Brown-Rice Cakes with Sauteed Fennel, Broccoli Rabe, and Ricotta
Crisp on the outside, chewy in the middle, these rice cakes are simpler than they appear. Just mix brown rice with ground fennel seeds and egg whites, and panfry.
- 2 tablespoons extra-virgin olive oil, divided, plus more for drizzling
- 1 head fennel (about 1 pound with fronds), core trimmed, and stems cut lengthwise into 1/4-inch-thick slices
- 1 1/4 teaspoons coarse salt, divided
- 3 garlic cloves, thinly sliced
- 2/3 cup water, divided
- 1 pound bunch broccoli rabe, trimmed
- 4 large egg whites
- 3 cups cooked short-grain brown rice (from about 1 1/4 cups uncooked)
- 1/4 teaspoon fennel seeds, toasted and coarsely ground
- 1/2 cup fresh ricotta
- Freshly ground pepper
- 1/3 cup fresh basil leaves
Heat 1 1/2 teaspoons oil in a large nonstick saute pan over medium-high heat. Add fennel, and reduce heat to medium. Add 1/4 teaspoon salt. Cook, tossing once, until golden, 6 to 7 minutes. Clear a small space in pan, and add 1/2 teaspoon oil and the garlic. Saute, stirring, until garlic is fragrant and beginning to turn golden, 1 to 2 minutes. Add 1/3 cup water, cover, and reduce heat to low. Cook until fennel is tender, about 2 minutes. Raise heat to medium-high; add remaining water, the broccoli rabe, and 1/2 teaspoon salt. Cover, and cook, stirring once, until greens are tender, about 3 minutes more. Uncover pan, and let sit.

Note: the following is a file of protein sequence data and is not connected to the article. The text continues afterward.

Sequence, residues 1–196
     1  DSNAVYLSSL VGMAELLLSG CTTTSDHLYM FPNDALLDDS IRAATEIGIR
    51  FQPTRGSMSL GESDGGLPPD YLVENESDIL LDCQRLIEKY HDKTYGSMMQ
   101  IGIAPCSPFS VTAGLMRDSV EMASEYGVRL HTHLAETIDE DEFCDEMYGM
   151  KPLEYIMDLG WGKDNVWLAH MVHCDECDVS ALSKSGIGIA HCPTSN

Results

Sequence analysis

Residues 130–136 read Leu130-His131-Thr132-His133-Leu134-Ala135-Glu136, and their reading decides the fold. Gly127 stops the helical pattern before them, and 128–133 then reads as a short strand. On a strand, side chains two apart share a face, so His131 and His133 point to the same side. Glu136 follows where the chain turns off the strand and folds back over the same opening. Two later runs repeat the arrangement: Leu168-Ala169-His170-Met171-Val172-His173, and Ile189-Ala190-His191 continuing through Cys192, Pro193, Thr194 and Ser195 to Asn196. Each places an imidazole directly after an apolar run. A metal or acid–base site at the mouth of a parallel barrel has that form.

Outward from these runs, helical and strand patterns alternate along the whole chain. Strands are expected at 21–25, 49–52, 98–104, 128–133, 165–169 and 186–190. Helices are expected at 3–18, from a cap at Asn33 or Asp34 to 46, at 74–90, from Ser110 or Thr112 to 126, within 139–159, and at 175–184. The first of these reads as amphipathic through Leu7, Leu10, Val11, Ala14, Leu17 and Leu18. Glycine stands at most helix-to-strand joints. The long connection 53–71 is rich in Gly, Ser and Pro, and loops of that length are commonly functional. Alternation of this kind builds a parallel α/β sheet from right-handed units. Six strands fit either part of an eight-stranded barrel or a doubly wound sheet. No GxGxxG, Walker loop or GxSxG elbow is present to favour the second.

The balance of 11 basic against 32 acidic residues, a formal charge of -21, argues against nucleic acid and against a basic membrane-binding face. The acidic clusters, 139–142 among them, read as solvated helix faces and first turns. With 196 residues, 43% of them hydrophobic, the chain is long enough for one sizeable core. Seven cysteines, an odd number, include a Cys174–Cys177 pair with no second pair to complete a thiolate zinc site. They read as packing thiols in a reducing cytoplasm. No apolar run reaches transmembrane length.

Heat 2 teaspoons oil in another large nonstick saute pan over medium-high heat. Meanwhile, whisk egg whites in a medium bowl until very foamy and starting to turn white but not stiff. Stir in rice, fennel seeds, and 1/2 teaspoon salt. Drop 4 separate spoonfuls (about half the batter) into pan, and spread each into a 3-inch round. Cook until golden brown, crisp, and set, about 3 to 4 minutes. Flip, and cook 1 minute. Keep cakes in a warm oven if desired. Wipe out pan, and repeat process with remaining oil and batter.
Divide cakes and vegetables among 4 plates. Top with ricotta, drizzle with oil, season with pepper, and scatter with basil.
SourceMartha Stewart Living, September 2012